2012 Tesla Model S: Yes, It Really Does Perform That Well

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Tesla Model S Inside Line

Tesla Model S Inside Line

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The 2012 Tesla Model S is the most anticipated all-electric car of 2012, but it is also the most enigmatic. 

That’s because even though it launched back in late June, access to -- and time behind the wheel of -- the Model S has been strictly controlled by Tesla. 

Our own 1-hour test-drive proved to us that the Tesla Model S was a viable, impressive car, but because of our location -- the busy streets of Manhattan -- we were unable to push the luxury sports sedan to its limits. 

Edmund’s Inside Line was a little luckier, persuading Tesla to ship a Model S to the Auto Club Speedway in Fontana, California so it could put Tesla’s claimed Model S performance specifications to the test. 

The results? 

With a clear, clean test track, the Model S Performance romped to 60 mph in 4.3 seconds, a 0.1 seconds faster than Tesla’s official time. 

The $94,350 Model S Performance then went on to 75 mph in 6.1 seconds, posting a quarter mile of 12.6 seconds at 108.3 mph. 

Braking was similarly good, with Inside Line’s test driver Mike Monticello reporting consistent, firm braking. 

2012 Tesla Model S Signature

2012 Tesla Model S Signature

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On the handling tests, Inside Line reports the Model S managed 0.86g on the skid pad, impressive for a car of its size. 

Meanwhile, the full slalom course was handled at a speed of 66.8 mph, illustrating excellent weight distribution and suspension. 

LIke us, Inside Line admits it has only had limited time behind the wheel of the 2012 Model S. 

But with impressive handling and speed tests confirming Tesla’s own specs, it continues to look as if Tesla’s Model S is a very special electric car. 

Of course, with a race driver on staff who’s most eager to get the Model S on a test track, we’d like to offer our own race-track skills to Tesla, just in case it wants a second opinion. 


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Comments (8)
  1. Yes, some special treatment from Tesla would be nice but is that realistic to expect for a blog which reporting on Tesla routinely goes beyond critical into destructive scepticism to the point that it feels like an all out anti Tesla FUD campaign at times? Usually special treats are for the friendlies.

  2. Good job Tesla.

    Now, I need a $30k version midsize sedan.

  3. Okay, I am willing to pay $45k for it before the $10k rebates... :)

    Or if I win some kind of lottery...

  4. Tesla doesn't NEED to build a $30,000 car. The are an upper-class car company building super-cool, fast, fun, useful, long-range electric vehicles. However, for those who don't make that much, they are going to build a $30,000 car in the next 3 years or so. There is also the fact that Elon Musk wants live to see an electric car in every driveway.

    I recently ran the numbers for monthly cost of ownership, and I found that the monthly costs of a Model S are similar to cars nearly $20,000 cheaper. So if you think you can't afford a Model S, check again. Maybe you can. I'm saving up for one because I really, really want one.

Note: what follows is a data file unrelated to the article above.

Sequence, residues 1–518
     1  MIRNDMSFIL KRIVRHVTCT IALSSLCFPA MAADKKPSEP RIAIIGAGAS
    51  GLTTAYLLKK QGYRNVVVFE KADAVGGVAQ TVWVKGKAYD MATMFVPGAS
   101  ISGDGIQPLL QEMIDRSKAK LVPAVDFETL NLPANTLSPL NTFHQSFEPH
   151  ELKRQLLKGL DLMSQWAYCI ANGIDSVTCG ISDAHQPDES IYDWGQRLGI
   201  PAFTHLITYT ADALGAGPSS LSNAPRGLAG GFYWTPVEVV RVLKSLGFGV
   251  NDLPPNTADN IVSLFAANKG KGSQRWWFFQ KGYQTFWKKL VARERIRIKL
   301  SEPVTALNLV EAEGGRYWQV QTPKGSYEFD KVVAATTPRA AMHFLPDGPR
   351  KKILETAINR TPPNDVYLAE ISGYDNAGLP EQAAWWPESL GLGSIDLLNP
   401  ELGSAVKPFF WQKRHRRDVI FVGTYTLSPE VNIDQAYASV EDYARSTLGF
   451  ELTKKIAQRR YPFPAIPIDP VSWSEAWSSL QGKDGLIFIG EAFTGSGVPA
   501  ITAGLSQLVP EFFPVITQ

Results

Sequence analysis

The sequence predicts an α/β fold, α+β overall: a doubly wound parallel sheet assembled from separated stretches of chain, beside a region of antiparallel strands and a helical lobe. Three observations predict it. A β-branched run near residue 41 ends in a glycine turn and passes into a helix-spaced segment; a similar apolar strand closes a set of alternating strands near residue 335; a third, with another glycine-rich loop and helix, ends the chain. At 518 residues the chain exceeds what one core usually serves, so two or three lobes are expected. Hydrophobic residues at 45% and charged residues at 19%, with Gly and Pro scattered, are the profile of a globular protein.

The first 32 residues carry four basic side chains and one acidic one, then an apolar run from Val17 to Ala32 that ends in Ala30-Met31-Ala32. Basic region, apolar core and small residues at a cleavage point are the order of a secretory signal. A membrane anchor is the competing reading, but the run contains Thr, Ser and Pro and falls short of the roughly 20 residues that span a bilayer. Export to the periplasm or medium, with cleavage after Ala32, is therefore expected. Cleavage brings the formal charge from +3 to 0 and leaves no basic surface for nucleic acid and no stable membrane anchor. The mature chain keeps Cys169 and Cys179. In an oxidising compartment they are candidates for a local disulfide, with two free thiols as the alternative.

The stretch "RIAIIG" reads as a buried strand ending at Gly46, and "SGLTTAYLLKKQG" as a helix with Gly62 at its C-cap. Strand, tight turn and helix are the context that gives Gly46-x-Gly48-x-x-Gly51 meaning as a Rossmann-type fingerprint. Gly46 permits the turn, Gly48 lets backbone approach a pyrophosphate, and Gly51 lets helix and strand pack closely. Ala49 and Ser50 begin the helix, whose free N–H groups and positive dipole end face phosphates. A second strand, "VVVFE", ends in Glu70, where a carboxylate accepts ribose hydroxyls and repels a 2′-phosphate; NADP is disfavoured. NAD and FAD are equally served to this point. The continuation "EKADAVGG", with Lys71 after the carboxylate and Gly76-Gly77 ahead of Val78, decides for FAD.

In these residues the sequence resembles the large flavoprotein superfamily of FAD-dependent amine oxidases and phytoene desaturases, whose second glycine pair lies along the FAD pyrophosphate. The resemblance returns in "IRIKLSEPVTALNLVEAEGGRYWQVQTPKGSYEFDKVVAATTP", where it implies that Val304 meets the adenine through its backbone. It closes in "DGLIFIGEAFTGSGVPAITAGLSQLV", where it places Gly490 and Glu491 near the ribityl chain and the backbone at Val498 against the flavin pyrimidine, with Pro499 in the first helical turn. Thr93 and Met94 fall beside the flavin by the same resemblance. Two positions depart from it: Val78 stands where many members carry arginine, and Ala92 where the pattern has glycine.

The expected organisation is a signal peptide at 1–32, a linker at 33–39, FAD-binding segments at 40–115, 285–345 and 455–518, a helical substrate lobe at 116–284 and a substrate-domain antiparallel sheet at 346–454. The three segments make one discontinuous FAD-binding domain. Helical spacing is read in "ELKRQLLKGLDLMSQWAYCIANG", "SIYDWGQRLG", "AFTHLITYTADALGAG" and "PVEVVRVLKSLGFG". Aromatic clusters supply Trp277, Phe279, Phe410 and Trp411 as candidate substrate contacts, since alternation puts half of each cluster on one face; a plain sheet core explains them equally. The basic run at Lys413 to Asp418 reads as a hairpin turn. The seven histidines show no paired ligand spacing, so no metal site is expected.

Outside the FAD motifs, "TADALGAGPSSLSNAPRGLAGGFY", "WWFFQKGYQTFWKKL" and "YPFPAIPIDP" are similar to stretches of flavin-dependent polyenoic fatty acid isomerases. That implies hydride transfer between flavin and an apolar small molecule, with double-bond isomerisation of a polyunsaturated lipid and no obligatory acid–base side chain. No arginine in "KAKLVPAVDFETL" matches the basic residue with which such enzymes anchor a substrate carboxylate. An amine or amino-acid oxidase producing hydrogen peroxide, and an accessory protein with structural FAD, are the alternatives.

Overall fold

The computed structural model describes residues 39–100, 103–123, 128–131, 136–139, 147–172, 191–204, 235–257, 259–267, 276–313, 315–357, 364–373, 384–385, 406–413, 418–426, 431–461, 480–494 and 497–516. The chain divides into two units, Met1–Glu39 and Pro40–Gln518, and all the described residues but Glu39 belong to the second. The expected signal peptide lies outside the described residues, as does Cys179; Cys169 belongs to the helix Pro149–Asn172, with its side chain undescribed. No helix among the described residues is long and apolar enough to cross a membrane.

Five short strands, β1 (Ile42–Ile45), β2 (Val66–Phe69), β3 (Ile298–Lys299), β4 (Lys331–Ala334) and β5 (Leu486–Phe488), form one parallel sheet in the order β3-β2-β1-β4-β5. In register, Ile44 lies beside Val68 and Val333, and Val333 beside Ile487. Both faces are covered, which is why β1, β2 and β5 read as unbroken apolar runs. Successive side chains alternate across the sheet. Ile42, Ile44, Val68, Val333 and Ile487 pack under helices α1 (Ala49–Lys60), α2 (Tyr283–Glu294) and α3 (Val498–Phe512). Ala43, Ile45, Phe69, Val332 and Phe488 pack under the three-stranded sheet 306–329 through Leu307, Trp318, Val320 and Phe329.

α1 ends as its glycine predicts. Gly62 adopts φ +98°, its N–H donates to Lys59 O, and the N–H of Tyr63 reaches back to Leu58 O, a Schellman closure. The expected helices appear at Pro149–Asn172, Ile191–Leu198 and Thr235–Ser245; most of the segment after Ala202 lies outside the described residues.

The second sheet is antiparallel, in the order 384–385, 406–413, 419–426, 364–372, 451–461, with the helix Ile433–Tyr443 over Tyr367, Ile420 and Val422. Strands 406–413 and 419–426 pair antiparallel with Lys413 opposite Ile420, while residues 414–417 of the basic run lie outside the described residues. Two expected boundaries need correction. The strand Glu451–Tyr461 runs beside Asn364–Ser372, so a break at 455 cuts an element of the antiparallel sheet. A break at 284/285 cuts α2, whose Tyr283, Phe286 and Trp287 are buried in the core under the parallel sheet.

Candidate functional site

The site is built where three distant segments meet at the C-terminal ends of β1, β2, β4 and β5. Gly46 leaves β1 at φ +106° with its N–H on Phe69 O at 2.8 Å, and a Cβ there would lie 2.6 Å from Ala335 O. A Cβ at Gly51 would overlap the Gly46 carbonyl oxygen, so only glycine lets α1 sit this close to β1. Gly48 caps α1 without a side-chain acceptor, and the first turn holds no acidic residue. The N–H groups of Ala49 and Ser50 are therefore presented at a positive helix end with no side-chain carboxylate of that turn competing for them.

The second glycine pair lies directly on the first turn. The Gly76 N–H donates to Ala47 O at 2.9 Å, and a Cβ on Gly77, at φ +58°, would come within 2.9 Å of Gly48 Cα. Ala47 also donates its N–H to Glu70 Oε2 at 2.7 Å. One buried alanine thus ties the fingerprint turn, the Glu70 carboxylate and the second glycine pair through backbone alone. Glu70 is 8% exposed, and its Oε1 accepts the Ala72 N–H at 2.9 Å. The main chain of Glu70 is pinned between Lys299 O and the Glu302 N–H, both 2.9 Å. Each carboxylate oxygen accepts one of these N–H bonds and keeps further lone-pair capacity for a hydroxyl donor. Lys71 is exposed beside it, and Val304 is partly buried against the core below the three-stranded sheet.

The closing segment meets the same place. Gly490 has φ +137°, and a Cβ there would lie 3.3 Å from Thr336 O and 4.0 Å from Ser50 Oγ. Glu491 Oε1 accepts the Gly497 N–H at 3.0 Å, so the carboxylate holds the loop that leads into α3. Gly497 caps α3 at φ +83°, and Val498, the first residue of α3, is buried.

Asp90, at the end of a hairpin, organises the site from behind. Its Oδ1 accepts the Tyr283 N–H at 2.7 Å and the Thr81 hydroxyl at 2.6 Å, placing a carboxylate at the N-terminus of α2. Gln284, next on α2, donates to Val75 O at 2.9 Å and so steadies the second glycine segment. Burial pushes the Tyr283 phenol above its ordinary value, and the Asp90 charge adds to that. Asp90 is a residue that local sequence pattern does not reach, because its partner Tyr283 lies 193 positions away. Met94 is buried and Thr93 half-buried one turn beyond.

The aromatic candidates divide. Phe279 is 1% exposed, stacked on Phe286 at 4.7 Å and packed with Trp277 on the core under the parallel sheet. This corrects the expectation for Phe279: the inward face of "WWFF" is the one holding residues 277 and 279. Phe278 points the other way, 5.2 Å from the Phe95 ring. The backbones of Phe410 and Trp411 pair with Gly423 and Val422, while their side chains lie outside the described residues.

P.S. I watched the Inside Line Video and they clocked a 4.0 sec. 0-60 run with 1 ft. of rollout.

  5. Ok, the decent range Tesla S still cost about $65k. Even with the $20K saving, you are still talking about $45k here. My Volt was only $41k. I seriously doubt that cost of ownership of Tesla S is $20k cheaper than my Volt. Of course, Tesla S is much better in looks, handling, performance and gets more rebates. But with sales tax of 8.5%, $65k is another $5.2k on top.

    That is about $35k out of my price range.

  6. In terms of TCO, I expect that most Tesla buyers will pay quite a bit more than a Chevy Volt, mainly because a Volt is gets most of the benefits of being an EV.

    But to get a sense of what how favorable an EV like Tesla is compared to a conventional ICE vehicle just look at your Volt. MSRP of your Volt is ~$40k. The MSRP of a Toyota Camry is ~$22k.

    But the 5 year TCO of your Volt is $46,200 vs $41,580 for Camry. That's the actual cost to own those vehicles for 5 years, including depreciation, taxes, insurance, finance fees, fuel, repairs, maintenance, etc.

    Not a huge difference considering you start off costing ~$18k more. Model S costs the same as its competition already. Over a 7 or 8 year TCO it easily is competitive with $30k cars

  7. I agree. I just wish Tesla can make a car in the sub $40k range. I konw there is one coming... I just can't wait... :)

  8. Nikki writes "But with impressive handling and speed tests confirming Tesla’s own specs, it continues to look as if Tesla’s Model S is a very special electric car."

    I think you need to broaden your horizons Nikki. Model S Performance is not just a "very special" EV, it's a very special car. Period.

    The list of luxury performance sedans in the world which can match the performance of MSP is exceedingly small. Most of them actually have a higher MSRP than MSP. All will cost tens of thousands more to own over 5 years. And none are even remotely as quiet or practical as a family vehicle.

    It just makes zero sense to pigeonhole it. That's just a form of not so soft EV bigotry :)

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